I'm very proud of myself. Since purchasing my '79 XL250S vintage dual sport, I have since discovered that the 6V electrical systems on these old bikes are notoriously fussy and problematic, especially when it comes to the lights and turn signals. Even with a new, fully charged battery and good connections, it seems like these systems are a bit wonky and unpredictable.

I discovered three main electrical problems with my bike. With the help of an online wiring diagram, and also drawing out my own simplified diagram focusing only on the parts that needed attention, I was able to zero in on the problems. Here are the diagrams:





First, the front brake light switch was broken. This is the switch that works off of the handlebar brake lever, and operates by a little spring loaded switch that closes the circuit when you pull the handle to apply the front brake, and opens the circuit when you let it go. Problem was the tiny little plastic stem that allows this to happen was broke off, so the brake light just stayed on all the time (switch constantly closed). I found a replacement on eBay, and it now works as it should. Here's a pic showing the small plastic stem that operates the spring loaded switch:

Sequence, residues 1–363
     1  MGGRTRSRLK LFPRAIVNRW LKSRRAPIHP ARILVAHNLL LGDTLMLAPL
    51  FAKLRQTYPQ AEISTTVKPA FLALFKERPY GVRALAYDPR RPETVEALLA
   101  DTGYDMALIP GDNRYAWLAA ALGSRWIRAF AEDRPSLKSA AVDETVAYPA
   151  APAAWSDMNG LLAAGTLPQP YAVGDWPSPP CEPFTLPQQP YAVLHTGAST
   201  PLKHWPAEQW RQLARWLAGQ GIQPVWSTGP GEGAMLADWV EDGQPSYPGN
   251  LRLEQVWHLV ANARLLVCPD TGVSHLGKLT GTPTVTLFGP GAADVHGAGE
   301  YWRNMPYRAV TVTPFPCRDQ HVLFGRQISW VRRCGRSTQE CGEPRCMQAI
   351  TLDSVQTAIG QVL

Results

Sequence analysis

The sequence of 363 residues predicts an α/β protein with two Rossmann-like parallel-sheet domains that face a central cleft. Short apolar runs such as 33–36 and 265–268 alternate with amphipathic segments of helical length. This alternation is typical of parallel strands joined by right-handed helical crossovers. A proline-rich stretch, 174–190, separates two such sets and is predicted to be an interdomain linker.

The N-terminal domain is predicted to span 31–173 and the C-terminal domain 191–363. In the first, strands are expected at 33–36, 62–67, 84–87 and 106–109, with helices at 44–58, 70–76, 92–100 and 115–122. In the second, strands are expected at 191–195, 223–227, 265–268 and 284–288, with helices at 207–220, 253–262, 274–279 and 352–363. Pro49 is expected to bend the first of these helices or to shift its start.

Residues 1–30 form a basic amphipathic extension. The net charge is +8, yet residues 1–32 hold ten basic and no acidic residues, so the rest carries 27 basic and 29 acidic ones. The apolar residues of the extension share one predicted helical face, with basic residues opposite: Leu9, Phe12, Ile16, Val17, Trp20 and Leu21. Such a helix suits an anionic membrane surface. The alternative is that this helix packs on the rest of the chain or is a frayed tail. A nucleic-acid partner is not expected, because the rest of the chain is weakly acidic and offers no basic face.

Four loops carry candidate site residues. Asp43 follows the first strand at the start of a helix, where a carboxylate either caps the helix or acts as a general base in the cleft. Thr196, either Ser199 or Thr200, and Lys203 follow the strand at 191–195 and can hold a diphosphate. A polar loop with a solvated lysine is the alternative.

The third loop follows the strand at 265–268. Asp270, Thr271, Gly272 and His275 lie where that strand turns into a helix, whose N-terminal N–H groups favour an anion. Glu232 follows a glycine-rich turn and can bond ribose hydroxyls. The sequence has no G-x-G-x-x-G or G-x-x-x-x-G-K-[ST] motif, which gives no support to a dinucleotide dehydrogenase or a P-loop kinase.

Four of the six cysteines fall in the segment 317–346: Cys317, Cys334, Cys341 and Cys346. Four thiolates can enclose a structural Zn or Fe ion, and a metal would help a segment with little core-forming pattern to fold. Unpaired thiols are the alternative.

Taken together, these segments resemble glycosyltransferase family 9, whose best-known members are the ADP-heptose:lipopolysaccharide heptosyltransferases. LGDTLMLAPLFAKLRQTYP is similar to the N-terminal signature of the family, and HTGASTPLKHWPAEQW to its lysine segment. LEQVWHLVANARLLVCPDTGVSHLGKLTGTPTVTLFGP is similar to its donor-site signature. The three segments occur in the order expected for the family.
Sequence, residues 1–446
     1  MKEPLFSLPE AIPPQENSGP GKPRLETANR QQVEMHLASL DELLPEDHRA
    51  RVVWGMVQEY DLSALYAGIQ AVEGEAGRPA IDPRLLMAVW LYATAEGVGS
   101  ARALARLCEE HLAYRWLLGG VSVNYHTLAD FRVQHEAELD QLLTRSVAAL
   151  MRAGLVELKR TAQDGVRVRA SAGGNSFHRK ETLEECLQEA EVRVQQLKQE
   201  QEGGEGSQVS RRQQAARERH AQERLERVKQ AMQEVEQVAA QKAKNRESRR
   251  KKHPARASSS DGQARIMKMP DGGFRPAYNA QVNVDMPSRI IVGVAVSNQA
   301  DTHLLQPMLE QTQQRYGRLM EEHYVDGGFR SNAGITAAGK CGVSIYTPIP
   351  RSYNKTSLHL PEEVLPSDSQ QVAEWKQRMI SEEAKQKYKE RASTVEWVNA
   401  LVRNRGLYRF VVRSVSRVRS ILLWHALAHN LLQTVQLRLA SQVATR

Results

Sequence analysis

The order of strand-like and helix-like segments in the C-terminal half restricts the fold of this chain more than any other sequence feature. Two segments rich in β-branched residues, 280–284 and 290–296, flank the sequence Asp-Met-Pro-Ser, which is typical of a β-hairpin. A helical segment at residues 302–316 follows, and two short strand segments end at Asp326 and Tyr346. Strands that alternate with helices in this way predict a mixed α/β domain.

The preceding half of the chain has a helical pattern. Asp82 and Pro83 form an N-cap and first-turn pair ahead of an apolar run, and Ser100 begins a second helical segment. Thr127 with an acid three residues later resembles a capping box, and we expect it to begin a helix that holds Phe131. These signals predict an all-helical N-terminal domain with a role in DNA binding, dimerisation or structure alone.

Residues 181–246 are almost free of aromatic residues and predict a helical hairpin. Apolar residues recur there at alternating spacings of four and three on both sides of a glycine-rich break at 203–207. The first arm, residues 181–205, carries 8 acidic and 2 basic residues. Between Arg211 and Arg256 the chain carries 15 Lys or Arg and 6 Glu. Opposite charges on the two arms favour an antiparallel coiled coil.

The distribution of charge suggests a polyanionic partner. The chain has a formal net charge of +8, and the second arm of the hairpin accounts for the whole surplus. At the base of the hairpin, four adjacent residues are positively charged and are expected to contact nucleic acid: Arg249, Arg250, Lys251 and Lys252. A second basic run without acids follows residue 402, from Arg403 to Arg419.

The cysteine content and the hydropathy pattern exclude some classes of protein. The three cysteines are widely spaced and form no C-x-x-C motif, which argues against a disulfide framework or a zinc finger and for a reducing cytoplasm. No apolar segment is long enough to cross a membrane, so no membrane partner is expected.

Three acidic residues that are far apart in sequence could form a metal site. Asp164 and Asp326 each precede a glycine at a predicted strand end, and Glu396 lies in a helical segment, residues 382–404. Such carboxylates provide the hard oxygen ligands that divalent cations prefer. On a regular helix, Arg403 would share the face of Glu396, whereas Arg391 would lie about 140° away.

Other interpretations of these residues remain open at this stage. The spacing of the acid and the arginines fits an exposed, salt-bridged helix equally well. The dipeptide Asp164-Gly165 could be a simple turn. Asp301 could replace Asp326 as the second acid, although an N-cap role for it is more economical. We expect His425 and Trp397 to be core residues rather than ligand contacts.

Second problem was that the previous owner had installed new but incredibly tiny rear turn signals that were really just useless. The signals used tiny bulbs like the kind you would use for instrument panel indicator lights. Add to that the fact that this system is a bit dim anyway, and you could hardly see them at night, and not really at all during the daytime. So I put on a new set of the flexible Baja Designs dual sport turn signals, and they seem to blend in nicely with the rest of the bike and are a similar style to the original front turn signals. Here they are on the bike now: